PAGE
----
1st February to 3rd February
PV: Friday 1st Feb 6pm to 11pm
Legge Studios, an ex metal workshop in Lewisham, is the location for a polyhedric exhibition called Sparks. The event is organised by students from Wimbledon College of Arts.
There will be artworks of every kind on display, including; painting, drawings, sculpture, video, prints and jewellery.
To bring joy to this event, there will be workshops for children run by the students on Saturday and Sunday from 12 pm until 3 pm. These will consist of wood carving, caricature drawing and clay modelling.
MFA Fine Arts and UAL will spread sparks to Lewisham. The reason for Lewisham is that the Sparks Show is a collaboration between students from Wimbledon and Camberwell both Colleges within UAL. Artists from the former, gallerists and installers from the latter. We also wanted to engage the local community and Legge Street Studios already had established links with residents. We were also able to connect with St.Mary’s Primary School, which is located nearby.
There will be the private view on the 1st February from 6pm to 11pm. The show will then be open from 12 to 6 pm for the next two days.
Legge Studios is conveniently located for visitors next to Ladywell station.
127 Green Lanes
2nd February to 23rd February 2019
Wednesday to Saturday | 11 am to 6 pm
Atom Gallery is proud to present “Instant Mash” a solo exhibition of new and recent work by Hackney-based pop-artist Carl Stimpson – a mash-up of Muses, Murals and Music
Carl Stimpson’s work mixes carefully painted portraits of icons from the worlds of music and film with cartoon imagery and techniques, and classic but obscure advertising logos. So far, so pop-art, but where his work diverges is in his treatment of this classic material – his use of the ‘ligne-claire’ technique, the imposition and projection of his mash-ups onto suburban and urban walls as fictional murals, a slight twist in some of the lovingly painted portraits.
Having trained initially as a painter – he studied Fine Art at The Arts Institute of Bournemouth (now Arts University College Bournemouth) – the recent addition of screenprinting to his painting techniques has allowed Stimpson to introduce an element of mass-production to his work, producing beautifully varied editions where the flatness of a screenprinted black ink layer contrasts with the softer hand-painted elements.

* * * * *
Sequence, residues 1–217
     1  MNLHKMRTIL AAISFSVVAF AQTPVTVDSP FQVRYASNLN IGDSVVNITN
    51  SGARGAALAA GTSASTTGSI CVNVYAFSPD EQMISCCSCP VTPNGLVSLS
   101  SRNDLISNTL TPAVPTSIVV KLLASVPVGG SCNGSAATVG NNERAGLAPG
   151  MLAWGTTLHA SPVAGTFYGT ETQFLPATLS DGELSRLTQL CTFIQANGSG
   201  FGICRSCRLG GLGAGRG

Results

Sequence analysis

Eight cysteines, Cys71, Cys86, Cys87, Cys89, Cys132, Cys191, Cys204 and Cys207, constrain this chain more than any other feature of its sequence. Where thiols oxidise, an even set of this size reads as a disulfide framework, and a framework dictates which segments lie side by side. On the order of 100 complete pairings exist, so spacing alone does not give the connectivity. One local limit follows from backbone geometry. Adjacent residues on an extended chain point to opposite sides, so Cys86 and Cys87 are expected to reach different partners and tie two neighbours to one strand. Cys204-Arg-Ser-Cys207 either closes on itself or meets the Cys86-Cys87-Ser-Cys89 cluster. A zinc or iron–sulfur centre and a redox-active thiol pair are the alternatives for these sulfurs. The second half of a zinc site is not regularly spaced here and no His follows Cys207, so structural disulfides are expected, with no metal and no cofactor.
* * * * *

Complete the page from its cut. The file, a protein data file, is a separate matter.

Stimpson currently lives and works in Hackney.
Gerald Moore Gallery
6th February 2019 | 19:30 to 20:30
Antonia Shaw discusses Cornelia Parker’s latest experiments in printmaking and reflects upon the influence that pioneering photographer William Henry Fox Talbot has had on her work at large.
Antonia Shaw, Assistant Curator for Hayward Gallery Touring, organised Cornelia Parker: One Day This Glass Will Break. Antonia has worked on numerous exhibitions including Hand Drawn Action Packed, Louise Bourgeois: Autobiographical Prints and 11 Drypoints, British Art Show 8, Martin Creed: What’s the Point Of It and Tracey Emin: Love is What you Want.
Antonia has curated independent projects such as Photomatter at RichMix, London, contributed to exhibition texts such as Lotus for Bosse Baum and published an artist book titled Input / Output.
352 Mare Street
7th February to 19th February 2019
10am – 5pm daily (including weekends)
Clouds of Wondermesh® netting studded with copper, china and string. Plaster tablets embedded with electrical and plumbing residues. Surprising materials cascading from wedding cake pillars.
For her latest exhibition, UPSCAPE, Dunhill has created fine-textured collages and startling three-dimensional constructions using found materials, everyday objects, things that most of us overlook or throw away.
“As a child I was fascinated by the shapes, colours and textures of things that other people regarded as rubbish”, says Dunhill. “I remember as a five-year-old coercing my friends to collect objects they’d find in the street and we’d arrange them into patterns.”
Dunhill trained under Sir Terry Frost and Rita Donagh, and her work has been frequently exhibited. In recent years she has been exploring materials-led abstract forms, including wall-hung, free-standing and hanging works.
11th February to 17th February 2019
Private View Mon 11 Feb 6:30-8:30pm
Illuminating Cambridge Libraries’ visits the Heong Gallery! Photographer Sara Rawlinson presents the latest instalment of her photographic series, exhibiting images from more than 24 College libraries. On display from 11-17 February 2019, 10:30am-6pm each day; private view Mon 11 Feb 6:30-8:30pm.